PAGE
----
By Mark Bland, Partner and Geoffrey McCarthy, Special Counsel
Mills Oakley has developed this fortnightly update to help trustees of regulated superannuation funds track and manage regulatory change. We look ahead to forthcoming developments, look back at recent changes and then consider the impact on trustees. This edition also includes a spotlight on the proposed new restrictions on hawking superannuation products.
- 11 June – ASIC issues interim Corporate Plan 2020-2021 and revised timetable about status of ASIC regulatory work including announcing new internal dispute resolution requirements to apply from 5 October 2021
- 30 May – Regulations come into effect to remove the work test for persons aged 66 or 67 and increase the cut off age for spouse contributions from 69 to 74
- 28 May – Regulations made with retrospective effect from 30 March 2020 to exclude JobKeeper “top up” payments from the calculation of superannuation guarantee payments made by employers to their employees
Commonwealth Parliament is now sitting until 18 June and scheduled to progress the following Bills:
- House of Reps to debate on Payments Times Reporting Bill and the Payment Times Reporting (Consequential Amendments) Bill Payment Times Reporting Bill
- House of Reps to consider: Australian Prudential Regulation Authority Amendment (APRA Industry Funding) Bill 2020 and Superannuation Supervisory Levy Imposition Amendment Bill 2020 to increase limits and change indexation for APRA supervisory levies Australian Prudential Regulation Authority Amendment (APRA Industry Funding) Bill 2020
- House of Reps to resume debate on Treasury Laws Amendment (More Flexible Superannuation) Bill 2020 to allow bring forward non-concessional superannuation contributions to persons aged 65 and 66 Treasury Laws Amendment (More Flexible Superannuation) Bill 2020
- Senate to consider Treasury Laws Amendment (2019 Measures No. 3) Bill 2019, which aims to: ensure super death benefits with an untaxed element are not subject to tax when rolled over to another super fund, ensure super downsizer contributions operate as intended, remove certain reporting obligations for unclaimed money and extend deadlines for educational requirements for advisers FASEA Educational Requirements Treasury Laws Amendment (2019 Measures No. 3) Bill 2019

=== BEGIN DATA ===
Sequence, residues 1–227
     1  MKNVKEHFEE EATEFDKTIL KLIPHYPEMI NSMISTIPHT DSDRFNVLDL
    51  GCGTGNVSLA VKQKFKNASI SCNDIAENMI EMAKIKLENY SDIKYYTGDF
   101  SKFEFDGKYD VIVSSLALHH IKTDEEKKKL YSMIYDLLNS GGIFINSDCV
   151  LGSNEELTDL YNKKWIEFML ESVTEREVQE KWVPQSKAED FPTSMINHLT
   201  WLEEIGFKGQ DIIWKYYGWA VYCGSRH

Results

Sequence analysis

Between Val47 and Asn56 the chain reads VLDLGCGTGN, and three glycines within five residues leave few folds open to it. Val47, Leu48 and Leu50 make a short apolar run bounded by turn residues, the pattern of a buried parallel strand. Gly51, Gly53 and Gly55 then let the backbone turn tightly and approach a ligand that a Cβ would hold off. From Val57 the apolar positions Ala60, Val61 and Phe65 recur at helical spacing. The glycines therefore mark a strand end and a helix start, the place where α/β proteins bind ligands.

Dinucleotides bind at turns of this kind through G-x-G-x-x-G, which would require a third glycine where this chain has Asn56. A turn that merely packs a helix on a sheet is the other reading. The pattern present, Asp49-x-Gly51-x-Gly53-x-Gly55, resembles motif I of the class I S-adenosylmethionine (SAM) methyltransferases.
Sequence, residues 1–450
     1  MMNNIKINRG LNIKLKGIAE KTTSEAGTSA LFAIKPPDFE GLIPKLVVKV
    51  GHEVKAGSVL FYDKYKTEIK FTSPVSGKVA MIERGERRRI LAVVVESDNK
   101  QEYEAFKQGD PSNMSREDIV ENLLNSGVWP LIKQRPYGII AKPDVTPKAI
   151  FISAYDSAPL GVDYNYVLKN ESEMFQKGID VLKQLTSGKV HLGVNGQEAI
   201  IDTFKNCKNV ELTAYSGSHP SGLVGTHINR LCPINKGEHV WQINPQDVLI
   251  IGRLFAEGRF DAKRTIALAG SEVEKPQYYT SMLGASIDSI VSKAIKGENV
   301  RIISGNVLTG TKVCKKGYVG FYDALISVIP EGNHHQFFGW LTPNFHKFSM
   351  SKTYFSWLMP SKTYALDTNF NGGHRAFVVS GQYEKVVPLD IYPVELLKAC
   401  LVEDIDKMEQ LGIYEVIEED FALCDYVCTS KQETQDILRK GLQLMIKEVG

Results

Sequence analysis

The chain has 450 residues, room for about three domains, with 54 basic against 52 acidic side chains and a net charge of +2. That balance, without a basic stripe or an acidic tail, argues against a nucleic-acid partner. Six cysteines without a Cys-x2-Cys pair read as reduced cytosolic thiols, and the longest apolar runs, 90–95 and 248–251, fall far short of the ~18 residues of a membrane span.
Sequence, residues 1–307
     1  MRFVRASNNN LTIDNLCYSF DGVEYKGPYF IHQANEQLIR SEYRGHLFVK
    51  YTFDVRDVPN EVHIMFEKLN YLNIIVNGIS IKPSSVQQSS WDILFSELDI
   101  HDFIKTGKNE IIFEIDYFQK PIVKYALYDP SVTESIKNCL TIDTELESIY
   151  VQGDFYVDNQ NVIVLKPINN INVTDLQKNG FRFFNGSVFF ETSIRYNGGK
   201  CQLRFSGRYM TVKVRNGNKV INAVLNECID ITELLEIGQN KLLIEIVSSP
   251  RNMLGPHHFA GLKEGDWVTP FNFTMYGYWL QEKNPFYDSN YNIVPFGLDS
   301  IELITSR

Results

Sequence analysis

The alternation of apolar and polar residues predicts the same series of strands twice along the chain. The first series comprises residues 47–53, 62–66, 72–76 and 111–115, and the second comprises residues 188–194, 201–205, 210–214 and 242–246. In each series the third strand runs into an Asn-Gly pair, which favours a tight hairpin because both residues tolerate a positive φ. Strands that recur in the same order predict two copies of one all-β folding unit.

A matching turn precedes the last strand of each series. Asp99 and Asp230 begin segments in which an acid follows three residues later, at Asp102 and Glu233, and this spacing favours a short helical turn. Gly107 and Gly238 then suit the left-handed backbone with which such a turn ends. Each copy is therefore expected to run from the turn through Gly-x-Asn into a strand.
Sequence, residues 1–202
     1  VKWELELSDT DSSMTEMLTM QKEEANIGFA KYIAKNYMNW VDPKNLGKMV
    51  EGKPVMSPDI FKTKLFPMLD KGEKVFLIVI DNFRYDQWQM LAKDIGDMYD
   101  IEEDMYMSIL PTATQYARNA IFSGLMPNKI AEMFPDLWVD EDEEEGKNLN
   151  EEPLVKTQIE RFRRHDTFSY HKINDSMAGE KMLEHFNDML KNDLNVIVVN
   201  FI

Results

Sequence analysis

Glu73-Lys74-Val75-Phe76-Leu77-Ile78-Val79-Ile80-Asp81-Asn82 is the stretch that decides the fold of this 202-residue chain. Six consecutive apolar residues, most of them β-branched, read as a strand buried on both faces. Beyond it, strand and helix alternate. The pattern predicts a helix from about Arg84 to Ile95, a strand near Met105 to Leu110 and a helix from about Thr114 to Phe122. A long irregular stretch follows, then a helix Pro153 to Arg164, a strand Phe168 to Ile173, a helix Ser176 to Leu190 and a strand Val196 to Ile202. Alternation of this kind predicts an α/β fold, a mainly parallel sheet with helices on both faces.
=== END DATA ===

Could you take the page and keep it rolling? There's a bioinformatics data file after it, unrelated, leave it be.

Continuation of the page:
- Senate to consider: Treasury Laws Amendment (Your Superannuation, Your Choice) Bill 2019 which aims to ensure employees under workplace determinations or enterprise agreements can choose the super fund for their employer contributions Treasury Laws Amendment (Your Superannuation, Your Choice) Bill 2019
11 June – ASIC issues Interim Corporate Plan 2020-2021 and revised timetable about status of ASIC regulatory work. ASIC’s enforcement focus includes superannuation. ASIC will be taking action to ensure that entities give accurate information to consumers, particularly on accessing early release of superannuation. ASIC’s focus also includes insurance in superannuation and compliance by those providing intra-fund advice in reliance on ASIC relief. ASIC will be conducting thematic surveillance of trustee communications to members about the impact of the COVID-19 pandemic and resultant legislative measures on superannuation funds and member benefits. ASIC will publish a new regulatory guide on Internal Dispute Resolution RG 271 by July 2020 with the new requirements in effect from 5 October 2021. See ASIC Corporate Plan
4 June – Exposure draft regulations released to remove the current exemption under which stamping fees paid in respect of listed investment companies and trusts are not classified as conflicted remuneration Draft stamping fee exemption regulation